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Dwayne L. Burgess v. J. Raya et al

April 18, 2013

DWAYNE L. BURGESS,
PLAINTIFF,
v.
J. RAYA ET AL.,
DEFENDANTS.



The opinion of the court was delivered by: Jennifer L. Thurston United States Magistrate Judge

ORDER DISMISSING THE FIRST AMENDED COMPLAINT WITH LEAVE TO AMEND (Doc. 11

Plaintiff Dwayne L. Burgess ("Plaintiff") is a state prisoner proceeding pro se with a civil rights action pursuant to 42 U.S.C. § 1983. (Doc. 11). On October 17, 2012, the Court dismissed Plaintiff's original complaint (Doc. 1) and granted Plaintiff leave to amend. (Doc. 8). Plaintiff filed his first amended complaint on December 10, 2012. (Doc. 11). Plaintiff names (1) E. Polanco and (2) P. Morales (collectively "Defendants") as defendants in his first amended complaint.*fn1 Id. at 2, ¶¶ 5-6. As required, the Court screens Plaintiff's first amended complaint. For the reasons set forth below, the Court dismisses Plaintiff's first amended complaint with leave to amend.

I. SCREENING REQUIREMENT

Under 28 U.S.C. § 1915(e)(2)(B), the Court must dismiss a case in which the plaintiff proceeds in forma pauperis if the court determines that the case "fails to state a claim on which relief may be granted" or is "frivolous." A claim is frivolous "when the facts alleged rise to the level of the 2 irrational or the wholly incredible, whether or not there are judicially noticeable facts available to 3 contradict them." Denton v. Hernandez, 504 U.S. 25, 32-33 (1992). 4

II. PLEADING STANDARDS

A.Federal Rule of Civil Procedure 8(a)

"Pro se documents are to be liberally construed" and "'must be held to 'less stringent standards 7 than formal pleadings drafted by lawyers.'" Estelle v. Gamble, 429 U.S. 97, 106 (1976) (quoting 8 Haines v. Kerner, 404 U.S. 519, 520-21 (1972)). "[They] can only be dismissed for failure to state a 9 claim if it appears 'beyond doubt that the plaintiff can prove no set of facts in support of his claim which would entitle him to relief.'" (Id.) Under Federal Rule of Civil Procedure 8(a), "[a] pleading that states a claim for relief must contain: (1) a short and plaint statement of the grounds for the court's jurisdiction, . . . ; (2) a short and plain statement of the claim showing that the pleader is entitled to relief; and (3) a demand for the relief sought." Fed. R. Civ. P. 8(a). Each allegation must be simple, concise, and direct. Fed. R. Civ. P. 8(d)(1). While a complaint "does not need detailed factual allegations, a plaintiff's obligation to provide the 'grounds' of his entitlement to relief requires more than labels and conclusions, and a formulaic recitation of the elements of a cause of action will not do." Bell Atl. Corp. v. Twombly, 550 U.S. 544, 555-56 (2007) (internal quotation marks and citations omitted).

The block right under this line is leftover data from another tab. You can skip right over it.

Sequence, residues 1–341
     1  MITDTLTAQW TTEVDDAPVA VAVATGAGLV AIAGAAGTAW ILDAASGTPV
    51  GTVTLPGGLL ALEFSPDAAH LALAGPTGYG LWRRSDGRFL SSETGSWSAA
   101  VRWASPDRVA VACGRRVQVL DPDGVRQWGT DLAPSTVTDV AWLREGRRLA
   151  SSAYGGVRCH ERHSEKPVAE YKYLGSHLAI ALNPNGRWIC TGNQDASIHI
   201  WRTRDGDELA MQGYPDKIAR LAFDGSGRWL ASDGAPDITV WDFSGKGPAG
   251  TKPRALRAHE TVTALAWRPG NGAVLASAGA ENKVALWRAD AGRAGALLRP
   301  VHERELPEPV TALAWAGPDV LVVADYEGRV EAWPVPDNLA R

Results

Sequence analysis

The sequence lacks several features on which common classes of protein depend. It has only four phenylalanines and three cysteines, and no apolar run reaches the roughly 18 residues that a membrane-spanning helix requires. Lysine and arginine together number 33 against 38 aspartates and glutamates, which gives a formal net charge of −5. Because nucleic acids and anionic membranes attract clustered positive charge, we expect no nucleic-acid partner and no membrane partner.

In analyzing a pleading, the Court sets conclusory factual allegations aside, accepts all nonconclusory factual allegations as true, and determines whether those non-conclusory factual allegations accepted as true state a claim for relief that is plausible on its face. Ashcroft v. Iqbal, 129 S. Ct. 1937, 1949-52 (2009). "The plausibility standard is not akin to a probability requirement, but it asks for more than a sheer possibility that a defendant has acted unlawfully." Id. at 1949 (internal quotation marks and citation omitted). In determining plausibility, the Court is permitted "to draw on its judicial experience and common sense." Id. at 1950.

B. 42 U.S.C. § 1983

In order to sustain a cause of action under 42 U.S.C. § 1983, a plaintiff must show (i) that he suffered a violation of rights protected by the Constitution or created by federal statute, and (ii) that the violation was proximately caused by a person acting under color of state law. See Crumpton v. 2 Gates, 947 F.2d 1418, 1420 (9th Cir. 1991). The causation requirement of § 1983 is satisfied only if a 3 plaintiff demonstrates that a defendant did an affirmative act, participated in another's affirmative act, 4 or omitted to perform an act which he was legally required to do that caused the deprivation 5 complained of. Arnold v. IBM, 637 F.2d 1350, 1355 (9th Cir. 1981) (quoting Johnson v. Duffy, 588 6 F.2d 740, 743-44 (9th Cir. 1978)). *fn2

III. COMPLAINT

At all times relevant to his complaint, Plaintiff was incarcerated at Kern Valley State Prison ("KVSP").*fn3 See (Doc. 11). Defendants are sued in their individual and official capacities as employees of KVSP. Id. at 2, ¶¶ 4-6. Plaintiff states his first amended complaint as follows:

On October 27, 2008, Defendant Polanco placed Plaintiff and several other inmates in an enclosed rotunda. Id. at 4, ¶ 7; 7 ¶ 19. Plaintiff spoke with Defendant Polanco and requested to speak with a sergeant. Id. at 4, ¶ 7. Defendant Polanco then ordered Plaintiff to return to his cell, but Plaintiff and the other inmates refused to comply. Id. at 4-5 ¶¶ 8, 9. Then, without any alleged provocation, Defendant Polanco threw a T-16 O.C. grenade in the rotunda where the inmates were assembled and walked away for approximately fifteen minutes. Id. at 5, ¶ 10. The inmates remained confined in the rotunda, which subsequently filled with the "toxic gas." Id.

On an undisclosed date, Defendant Polanco charged Plaintiff with unlawful assembly based on the October 27, 2008 incident. Id. at 5, ¶ 12. At a disciplinary hearing on the unlawful assembly charge, Defendant Morales denied Plaintiff's request for the presentation of witnesses. Id. at 6, ¶ 24. Defendant ...


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